There is a football stadium, the Campo Txerloia, with a capacity for 1,500 fans, although again this game is behind closed doors. Well, apart from the 30 or so “ball boys” and “boy girls”, almost none of whom have a ball. When there’s a big cup game on, kids will find a way.
On the afternoon of the game, a Basque pensioner who has spent his Thursday enjoying the rare presence of the Basque sun and enjoying more than a few wines explains just how much Anaitasuna are underdogs. They’re not even doing well in their league group, he says. The pitch is in a terrible state and if there’s one LaLiga team that can handle this, then it’s Getafe.
“But, I’ve put one euro and 15 cents on Anaitasuna to beat Getafe,” he states with the confidence that makes you think you should consider it too. Why? “Well, I was going to put one euro on, but I had another 15 cents in change in my pocked,” he replies. No, why are you backing this team you’ve just explained will probably lose? “Ah, well, you know, it’s the Copa.”
More than anything, I think that sums up the Basque Country’s relationship with the Copa del Rey. They love those cold wintery nights where underdog stories are written, even more so in this new one-legged format that was implemented in 2019.
On this Thursday December evening, Anaitasuna go out and put this mentality into action. They start really well on a pitch so terrible that sand has been poured on every blemish, enough to make it look more like a long jump event than a football match. They start so well that they actually go 1-0 up in the 55th minute against a team that just a few months previously knocked Ajax out of the Europa League. Maybe that old man was going to win his 26 euros and 45 cents …
Sitting next to the substitutes’ bench, which in these COVID-19 times is basically the entire left-side of the stadium’s one stand, the team’s backups go absolutely wild with delight as they take the lead. Even if they’d love to make it out there onto the pitch to be able to say they personally faced off against talents like Marc Cururella, Djene Dakonam and Enes Ünal, there really is that sense of brotherhood as they hug on the sidelines as a team.
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Even if it is a team sport, someone has to put their name on the scoresheet and the goal is scored by Markel Eskurtza, whose grandfather also played for Anaitasuna back in the day. Of course he did. “I have loved football since I was a child and, like most Azkoitian children who like football, my dream was to play for Anaitasuna,” says Eskurtza.
Right now, the dream is to claim this scalp. As the clock ticks and as Getafe’s players and their coach José Bordalás get increasingly frustrated, the subs on the sidelines rub salt – or maybe that’s sand – in the wounds. Some less-than-polite comments are shouted at Getafe’s professionals, who don’t mind answering back once it dawns on them that these insults from the stands aren’t coming from the fans. They’re coming from the reserves who could be subbed on into the action any minute.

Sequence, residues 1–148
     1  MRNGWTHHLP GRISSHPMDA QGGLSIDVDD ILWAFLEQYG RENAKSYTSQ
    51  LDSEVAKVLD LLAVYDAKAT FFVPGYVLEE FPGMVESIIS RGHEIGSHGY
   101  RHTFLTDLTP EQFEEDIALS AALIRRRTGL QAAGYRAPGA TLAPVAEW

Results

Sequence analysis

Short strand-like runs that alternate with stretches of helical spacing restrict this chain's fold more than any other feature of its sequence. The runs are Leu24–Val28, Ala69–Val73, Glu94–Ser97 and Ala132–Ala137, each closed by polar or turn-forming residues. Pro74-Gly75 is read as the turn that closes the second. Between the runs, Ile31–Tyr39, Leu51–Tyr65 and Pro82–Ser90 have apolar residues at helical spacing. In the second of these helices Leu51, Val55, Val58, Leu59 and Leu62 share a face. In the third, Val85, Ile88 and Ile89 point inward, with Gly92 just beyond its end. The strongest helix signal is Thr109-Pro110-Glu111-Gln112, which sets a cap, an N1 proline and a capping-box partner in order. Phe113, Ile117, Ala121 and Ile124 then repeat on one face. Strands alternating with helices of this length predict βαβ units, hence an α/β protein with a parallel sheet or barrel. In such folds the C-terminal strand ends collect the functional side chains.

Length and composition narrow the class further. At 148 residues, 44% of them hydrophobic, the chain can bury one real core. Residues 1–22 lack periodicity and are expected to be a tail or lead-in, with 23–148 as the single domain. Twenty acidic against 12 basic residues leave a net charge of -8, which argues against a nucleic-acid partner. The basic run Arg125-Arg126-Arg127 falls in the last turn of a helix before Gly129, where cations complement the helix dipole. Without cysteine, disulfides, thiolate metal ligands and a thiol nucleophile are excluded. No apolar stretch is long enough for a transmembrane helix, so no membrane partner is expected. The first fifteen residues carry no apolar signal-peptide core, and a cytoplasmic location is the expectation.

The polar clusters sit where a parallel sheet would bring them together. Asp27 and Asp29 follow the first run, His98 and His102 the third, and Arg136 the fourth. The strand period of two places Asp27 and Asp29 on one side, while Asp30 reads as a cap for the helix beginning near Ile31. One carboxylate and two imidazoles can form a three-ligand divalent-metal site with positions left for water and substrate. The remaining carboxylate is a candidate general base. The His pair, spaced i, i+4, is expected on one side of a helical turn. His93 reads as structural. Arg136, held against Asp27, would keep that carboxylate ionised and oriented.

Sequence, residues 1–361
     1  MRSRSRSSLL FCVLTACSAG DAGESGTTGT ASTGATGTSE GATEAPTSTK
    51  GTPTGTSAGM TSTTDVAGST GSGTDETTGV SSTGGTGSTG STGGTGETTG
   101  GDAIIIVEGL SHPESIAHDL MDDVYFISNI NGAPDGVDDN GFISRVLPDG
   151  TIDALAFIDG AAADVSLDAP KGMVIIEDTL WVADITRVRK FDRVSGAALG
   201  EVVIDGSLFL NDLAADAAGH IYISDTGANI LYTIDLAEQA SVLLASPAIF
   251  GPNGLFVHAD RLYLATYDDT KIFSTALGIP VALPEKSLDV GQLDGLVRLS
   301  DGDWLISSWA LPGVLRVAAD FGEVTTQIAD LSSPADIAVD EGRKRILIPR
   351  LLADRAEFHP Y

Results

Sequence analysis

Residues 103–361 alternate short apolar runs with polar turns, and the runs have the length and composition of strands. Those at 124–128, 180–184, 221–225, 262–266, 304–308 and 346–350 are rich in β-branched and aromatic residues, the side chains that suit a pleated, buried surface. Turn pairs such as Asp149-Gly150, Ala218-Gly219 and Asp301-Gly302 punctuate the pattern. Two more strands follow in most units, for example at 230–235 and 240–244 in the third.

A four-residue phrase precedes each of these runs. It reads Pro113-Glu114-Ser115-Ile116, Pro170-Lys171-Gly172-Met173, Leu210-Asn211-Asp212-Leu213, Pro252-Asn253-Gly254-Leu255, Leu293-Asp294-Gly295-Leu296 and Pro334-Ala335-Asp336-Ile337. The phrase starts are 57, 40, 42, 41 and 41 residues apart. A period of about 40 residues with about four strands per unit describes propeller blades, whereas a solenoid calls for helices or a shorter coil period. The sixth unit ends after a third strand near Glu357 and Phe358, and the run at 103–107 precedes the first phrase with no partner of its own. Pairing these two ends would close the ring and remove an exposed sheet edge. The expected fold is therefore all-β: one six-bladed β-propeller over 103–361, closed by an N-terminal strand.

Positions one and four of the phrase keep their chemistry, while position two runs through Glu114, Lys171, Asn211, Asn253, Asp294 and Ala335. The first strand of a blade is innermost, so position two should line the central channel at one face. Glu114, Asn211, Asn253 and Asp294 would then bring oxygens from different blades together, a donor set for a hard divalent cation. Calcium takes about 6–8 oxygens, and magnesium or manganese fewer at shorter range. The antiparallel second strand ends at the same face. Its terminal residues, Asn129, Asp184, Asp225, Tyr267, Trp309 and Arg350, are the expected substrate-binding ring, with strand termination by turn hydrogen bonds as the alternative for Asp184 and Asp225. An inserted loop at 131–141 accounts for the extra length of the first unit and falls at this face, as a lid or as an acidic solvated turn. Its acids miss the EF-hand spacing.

There’s a moment with 20 minutes to go when the journalists in the press area almost simultaneously fold over their laptops. The match reports will be written when they’re written. They can wait. But this potential moment is so special that it requires full attention, and not the usual glancing from one corner of an eye while the other three corners train on a Word document.
Everyone is leaning forward, as if mid-squat, wondering if they’re really about to witness a team of Basque kids, who stand hundreds of football clubs away from Spain’s top division, conquer last season’s eighth-placed team in the entire country.
They don’t, but you already half-guessed that. Sometimes football’s script writers have to toss out the fairytale stories that are just a little too unrealistic. An Ünal equaliser in the 73rd minute and a stoppage-time Ángel Rodríguez penalty – from a dubious call – send Getafe through to the next round and Anaitasuna’s story ends where it was supposed to. But after 90 minutes of graft, it proves just what makes Basque cup football so special.
As we approach the eventual staging of the 2019/20 Copa del Rey final, which for the first time will be contested between the region’s biggest two clubs, Athletic and Real Sociedad, this can be viewed as a celebration of Basque football’s special relationship with this competition. Including this derby and the upcoming Barcelona-Athletic 2020/21 final, half of the past ten Copa finals will have had at least one Basque participant, featuring three different sides in Athletic, Real Sociedad and Alavés.
But this special cup fever also goes all the way down to the very first rounds of the tournament. The Basque Country’s Copa del Rey stories are not only the tales from this final, but they’re also the Amorebietas and Portugaletes, the pensioner with extra confidence about the round’s biggest underdog, the ball boys and girls sneaking into the ground, and the bars that open up later on a cup night to cater for the fans not even able to officially attend the match.
By Euan McTear @emctear